Thankfully, the merging of golf and wine need not result in this.  Image from www.captainscottage.com

The Terroirist: On Golfers and Grapes


One in a continuing series

They say that the best way to make a small fortune in the wine business is to start with a large fortune. If this is true, then from the rate PGA golfers are starting up wineries, they must be absolutely swimming in it. First Greg Norman opened the originally named Norman Estates winery, then Ernie Els created his own brand in South Africa. And now, our very own green-jacket-wearing Mike Weir has lent his name to a winery (Mike Weir Estate wines are currently being made out of the Creekside winery, but he's slated to have his own building completed by the 2007 vintage).

I've always been of two minds when it comes to 'vanity' wineries such as these; wine making is primarially a labour of love - the hours are long, the conditions are harsh, the money (unless you already have an empire) can be problematic, and you're at the mercy of the weather - and the idea that with enough tour winnings you can become an instant-winemaker seems wrong. On the other hand, I don't suspect that the Baroness de Rothschild is herself grubbing up vines or rolling barrels across the cellar.

Despite this, the wines that their teams - because lets face it, travelling around the world playing golf is not very condusive to taking an active role in winemaking - produce can range from the simple but drinkable, to the outstanding. While a famous owner should never be a reason to pick up a wine, it needn't always be a reason to avoid it either. Just fear for the day that 'Clos de Domi' hits the markets.

So what's drinking nicely this Saturday?

Something Red:
Mike Weir Estate Cabernet/Merlot 2004 (Niagara Peninsula, Ontario) $17.95, 000109
I'll be honest - this is a wine that I wanted to hate. I wanted to be able to write about how golfers really have as much business getting into winemaking as moviestars do getting into politics (hello Mssrs Reagan and Schwartzenegger), but then I tried it. And try as I like, I couldn't dislike this wine. It has a nice, dark cherry red colour to it, with a nose of pepper, chocolate, vanilla, and coffee. The mouthfeel was rich, with firm tannins and notes of coffee, cocoa, vanilla, and cherries. It would be best to let this wine sit in your cellar for 2-4 years, but enjoy it now with rare roast beef.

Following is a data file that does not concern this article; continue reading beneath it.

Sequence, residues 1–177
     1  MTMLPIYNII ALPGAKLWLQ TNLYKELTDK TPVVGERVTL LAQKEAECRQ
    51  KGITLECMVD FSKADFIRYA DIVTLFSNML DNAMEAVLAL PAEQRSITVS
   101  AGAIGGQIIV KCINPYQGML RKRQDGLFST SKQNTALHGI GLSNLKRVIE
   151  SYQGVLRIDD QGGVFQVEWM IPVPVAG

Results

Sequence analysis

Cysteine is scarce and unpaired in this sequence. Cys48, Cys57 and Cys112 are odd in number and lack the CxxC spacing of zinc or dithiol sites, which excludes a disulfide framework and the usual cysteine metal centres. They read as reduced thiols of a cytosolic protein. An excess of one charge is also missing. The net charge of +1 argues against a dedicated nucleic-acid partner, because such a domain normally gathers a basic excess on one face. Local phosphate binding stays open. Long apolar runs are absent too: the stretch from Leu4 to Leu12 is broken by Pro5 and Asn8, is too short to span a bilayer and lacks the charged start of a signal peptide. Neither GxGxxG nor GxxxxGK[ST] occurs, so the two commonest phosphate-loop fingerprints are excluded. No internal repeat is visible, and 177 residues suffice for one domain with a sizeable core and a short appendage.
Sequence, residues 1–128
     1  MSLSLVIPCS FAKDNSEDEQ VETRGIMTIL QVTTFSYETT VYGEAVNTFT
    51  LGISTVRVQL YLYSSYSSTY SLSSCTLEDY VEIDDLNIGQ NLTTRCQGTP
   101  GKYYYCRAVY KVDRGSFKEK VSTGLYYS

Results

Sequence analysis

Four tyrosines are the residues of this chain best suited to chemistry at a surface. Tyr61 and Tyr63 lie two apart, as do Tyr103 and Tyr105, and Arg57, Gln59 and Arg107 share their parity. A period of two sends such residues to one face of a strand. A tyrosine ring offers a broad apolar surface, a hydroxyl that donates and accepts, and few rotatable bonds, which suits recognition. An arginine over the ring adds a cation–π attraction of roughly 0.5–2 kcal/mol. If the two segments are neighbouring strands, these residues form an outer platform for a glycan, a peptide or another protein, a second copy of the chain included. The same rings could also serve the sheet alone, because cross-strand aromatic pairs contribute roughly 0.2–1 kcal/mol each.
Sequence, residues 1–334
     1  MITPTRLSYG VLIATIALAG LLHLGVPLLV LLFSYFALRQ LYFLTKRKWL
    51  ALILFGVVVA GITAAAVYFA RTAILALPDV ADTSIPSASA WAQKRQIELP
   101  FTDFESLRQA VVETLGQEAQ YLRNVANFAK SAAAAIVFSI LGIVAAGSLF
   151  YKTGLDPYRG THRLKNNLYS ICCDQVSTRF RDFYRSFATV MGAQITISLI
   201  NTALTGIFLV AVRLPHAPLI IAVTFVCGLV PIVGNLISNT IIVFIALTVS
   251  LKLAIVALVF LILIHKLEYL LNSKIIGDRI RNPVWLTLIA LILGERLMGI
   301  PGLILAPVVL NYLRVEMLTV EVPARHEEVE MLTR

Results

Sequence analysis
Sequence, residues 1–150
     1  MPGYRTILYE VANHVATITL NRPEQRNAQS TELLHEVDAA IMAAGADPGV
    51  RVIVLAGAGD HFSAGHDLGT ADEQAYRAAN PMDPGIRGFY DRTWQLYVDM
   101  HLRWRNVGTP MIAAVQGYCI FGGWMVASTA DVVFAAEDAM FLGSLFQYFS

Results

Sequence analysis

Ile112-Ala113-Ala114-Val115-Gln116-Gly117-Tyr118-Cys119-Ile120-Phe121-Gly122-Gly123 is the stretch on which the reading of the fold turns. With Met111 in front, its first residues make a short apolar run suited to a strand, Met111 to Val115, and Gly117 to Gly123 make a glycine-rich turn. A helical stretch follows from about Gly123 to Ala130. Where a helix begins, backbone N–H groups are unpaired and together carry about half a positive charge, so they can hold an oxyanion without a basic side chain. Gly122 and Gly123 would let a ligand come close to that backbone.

Something White:
Konzelmann Gewurztraminer Reserve 2002 (Niagara Peninsula, Ontario) $14.95, 392357
Maybe it's the sudden coming of Spring after this dreary non-winter of the last few months, but lately my thoughts have turned to patio sipping wines. On a hot sunny day, you need a well chilled wine with a touch of sweetness to really cool down and relax - and being non-carbonated it's even better at it than the Canadian tradition of beer. This lovely rich golden Gewurztraminer is ideal. It has a spicy full nose that envelops your nosebuds with rose, grape candy, lychee, and peach. In the mouth, it's just slightly off-dry, with the lychee notes predominating and followed by rose, peach, and an aftertone of cloves. If you're not up for drinking it all by itself, try it with a spicy Thai mango chicken green curry.

Something Bubbly:
Conde de Caralt Cava NV (Catalunya, Spain) $12.95, 664623
I generally shy away from cheaper bubblies - in order to produce quality sparkles, you need to do secondary fermentation in the bottle, and that doesn't come cheaply. Sometimes though, I find a joyful exception. The Conde de Caralt is one of those. About as cheap as you're going to find anything drinkable, this Cava represents some really stunning value. A pale yellow green in colour, the nose is full of lime, smoke, and earth. The mousse in the mouth is big and filling, with flavours of lime and grapefruit filling it out. Champagne is it not, but if you're looking for an easily affordable sparkler - this is it.

The Terroirist is published fortnightly on Thursdays


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